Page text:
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Trip of a Lifetime: From Rural China to the Himalayas

Himalayas at Night | Backpacking with Bacon | Budget Travel Blog

“Kerri, you have £5k to live out your wildest travel dreams and take a trip of a lifetime…so where’s the plane heading?” – the words every avid travel blogger longs to hear. Yet having recently been shortlisted in the Affordable Travel category of the Post Office Travel Blogger Awards 2018 (you can vote for me here!) and faced with this very possibility, it’s a question that has well and truly turned my mind to mush.

Post Office Travel Blogger Awards | Backpacking with Bacon | Solo Travel Blog

They say if we all held hands (whilst ignoring the scientific impossibilities of such an event) we would be able to wrap around the world almost 300 times. Well, if you took every single budding travel bucket list idea I’ve ever had over the past twenty-seven years and sewed them all together onto a rich tapestry of things, my metaphorical tapestry would no doubt stretch further. I’ve long thought about land diving with the locals in Vanuatu, or maybe trekking amid the cornucopia of natural phenomena in the Lut desert of Iran. And I’ve lost count of the number of hours I’ve spent daydreaming of splashing around with pigs in the Bahamas or searching for musical treasures amid the bustling streets of Buenos Aires. Temple hopping on a moped in India, sunset on Table Mountain, chilling (literally) with seals amid the bitter winds of Antarctica, getting all linguistics-y on Fogo Island, roaming the Cloud Forest of Costa Rica, having a cuppa with a shaman in a field in remote Peru as he rubs me with a guinea pig and reveals to me that my future’s probably going to be fine – you name it, my brain has been there. The point is, taming my over-active brain to arrive at pointed conclusions which go some way to answering this question was no mean feat, but without further ado, here it is: my trip of a lifetime…

For me a trip of a lifetime isn’t about finding the place with the biggest price tag and splashing the cash. Sure, I’d quite like to spend some time sunning my pale self in one of those fancy stilt houses at sea in French Polynesia where generously-oiled men bring me my daily young coconut, carved to my liking, before my sleep concierge breezes into the room to re-fluff my pillows and serenade me with a lullaby (yep, that’s a thing), but where’s the originality? Where’s the anti-sedentism? And more importantly…where are all the *real* luxuries?

Nepal Sunrise | Backpacking with Bacon | Backpacking Solo

The sun rises from beyond the mountains of Nepal

Forget the beach holiday: I want pain-inducing mountains. I require rough nights spent in tents. I need suspect-looking street food. I demand to get lost in remote areas. Altitude sickness is essential. And, most importantly, I simply must do all of these things whilst plagued with crippling doubt as to whether or not I’ll ever want to go back home.

I don’t like to plan too rigorously when I travel, so what follows is not a fully-fledged step by step itinerary of where my trip would take me should I be fortunate enough to won, but a glimpse into exactly why I was drawn to this part of the world in the first place. Here’s the thing: I want to travel to what is, undoubtedly, one of the most breath-taking areas on the planet. Not only is this a journey of exceptional natural beauty offering opportunities to hike galore and absorb mountainous, uncharted terrain as I go, but it’s one that traverses many fascinating cultures and peoples. The idea of donning the hiking boots and taking this epic journey completely via land is one that really excites me. After all, what better way is there to see the world?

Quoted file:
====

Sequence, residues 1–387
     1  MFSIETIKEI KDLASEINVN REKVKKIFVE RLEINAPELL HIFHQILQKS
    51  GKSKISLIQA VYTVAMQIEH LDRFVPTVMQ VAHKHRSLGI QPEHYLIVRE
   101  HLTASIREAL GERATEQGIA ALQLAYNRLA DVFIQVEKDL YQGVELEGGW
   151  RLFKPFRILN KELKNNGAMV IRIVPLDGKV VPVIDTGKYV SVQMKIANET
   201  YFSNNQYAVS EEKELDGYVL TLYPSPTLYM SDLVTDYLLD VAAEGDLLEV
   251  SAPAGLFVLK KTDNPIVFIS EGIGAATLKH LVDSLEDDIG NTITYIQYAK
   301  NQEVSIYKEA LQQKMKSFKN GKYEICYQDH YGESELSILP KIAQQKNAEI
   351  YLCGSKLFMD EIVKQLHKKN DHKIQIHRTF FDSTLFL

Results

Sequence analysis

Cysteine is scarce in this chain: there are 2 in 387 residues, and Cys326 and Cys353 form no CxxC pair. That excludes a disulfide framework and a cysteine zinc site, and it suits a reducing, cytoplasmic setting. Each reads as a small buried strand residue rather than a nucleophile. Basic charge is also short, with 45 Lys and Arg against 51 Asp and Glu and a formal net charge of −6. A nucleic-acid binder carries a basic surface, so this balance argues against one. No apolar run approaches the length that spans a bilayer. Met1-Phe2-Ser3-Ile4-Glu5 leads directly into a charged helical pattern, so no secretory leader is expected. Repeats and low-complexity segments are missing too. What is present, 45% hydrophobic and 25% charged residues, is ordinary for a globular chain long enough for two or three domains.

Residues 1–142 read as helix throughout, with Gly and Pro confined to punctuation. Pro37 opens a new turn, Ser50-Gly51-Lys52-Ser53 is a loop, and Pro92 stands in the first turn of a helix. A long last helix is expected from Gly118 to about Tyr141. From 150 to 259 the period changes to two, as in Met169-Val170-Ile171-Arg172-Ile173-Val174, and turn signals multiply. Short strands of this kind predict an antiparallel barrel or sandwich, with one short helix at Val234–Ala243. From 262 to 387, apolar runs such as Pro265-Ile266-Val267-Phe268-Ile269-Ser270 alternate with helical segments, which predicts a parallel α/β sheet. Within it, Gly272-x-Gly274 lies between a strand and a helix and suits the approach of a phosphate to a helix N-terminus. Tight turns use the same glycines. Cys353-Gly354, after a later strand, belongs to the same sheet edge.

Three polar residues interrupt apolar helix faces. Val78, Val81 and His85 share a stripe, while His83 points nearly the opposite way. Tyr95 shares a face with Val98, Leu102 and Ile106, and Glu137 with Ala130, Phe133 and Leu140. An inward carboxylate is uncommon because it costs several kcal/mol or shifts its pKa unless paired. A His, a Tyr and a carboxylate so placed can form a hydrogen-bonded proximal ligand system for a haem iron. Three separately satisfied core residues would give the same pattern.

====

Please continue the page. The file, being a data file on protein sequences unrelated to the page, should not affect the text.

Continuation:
First stop: China

Sunset Limestone China | Backpacking with Bacon | Uk Solo Travel Blog

I won’t lie, the prospect of travelling in China scares me. Not because I think it’s dangerous, or that it would disappoint, but I suffer from serious FOMO. For those of you not in the know, that’s young-people speak for ‘fear of missing out’. And with China being so darn big, the idea of seeing it all is mind boggling. That being said, I can’t possibly give you every reason why I am desperate to get out there, but here’s where I know I’ll lay my hat:

Chengdu

I have two words for you: Giant. Pandas.

Need I say any more? If this isn’t on your bucket list then you clearly have no soul.

Giant Panda Chengdu | Backpacking with Bacon | Post Office Travel Blogger of the Year 2018

Image source: Flickr

Enchanting Yunnan

From extraordinary vistas of the karst landscapes, to fields upon fields of rapeseed swaying gently in the winds, this one province alone is enough to keep you occupied for weeks. Rumour has it that the food here is off-the-charts good, as the region once belonged to Myanmar, making the food much more herbaceous than other types of Chinese offerings. The truth’s out: my stomach wants me to go here.

Yunnan Market | Backpacking with Bacon | Solo Budget Travel Blog

Local markets smack with the scents of fresh produce.

Tiger Leaping Gorge

Half way between Chengdu and Yunnan lies Tiger Leaping Gorge. Initially I was turned off by the name, but I’m quite sure it’s been tiger-free for a while. You all know how much I love hiking, and it’s treks like these that really get me reaching for the poles (I’ve got bad knees). It only takes a day or so and the rewards are high for what is really quite a tame stroll.

Tiger Leaping Gorge | Backpacking with Bacon | Solo Travel Blog

Not a tiger in sight…

Image source: Flickr

Look up and you’ll experience the theatre of the glaciated Jade Dragon Mountain, surrounded by the gorge’s towering cliffs. Look down and you’re met with the sheen of turquoise waters. Bliss!

And let’s not forget this guy:

Giant Buddha Leshan | Backpacking with Bacon | Solo Travel Blog

Image source: Flickr

Having done huge chunks of Asia, I’ve seen a lot of Buddha statues in my time – in fact an unholy amount. Most recently I had the pleasure of meeting Tian Tan Buddha out on Lantau Island, Hong Kong. However, at a whopping 71 metres tall, Leshan Giant Buddha really does do quite a job of being just a tiny bit impressive on the eyes. Carved into a rock face formed of Cretaceous red bed sandstones, the statue looms over the waters below in this spectacular UNESCO World Heritage site. Take me now!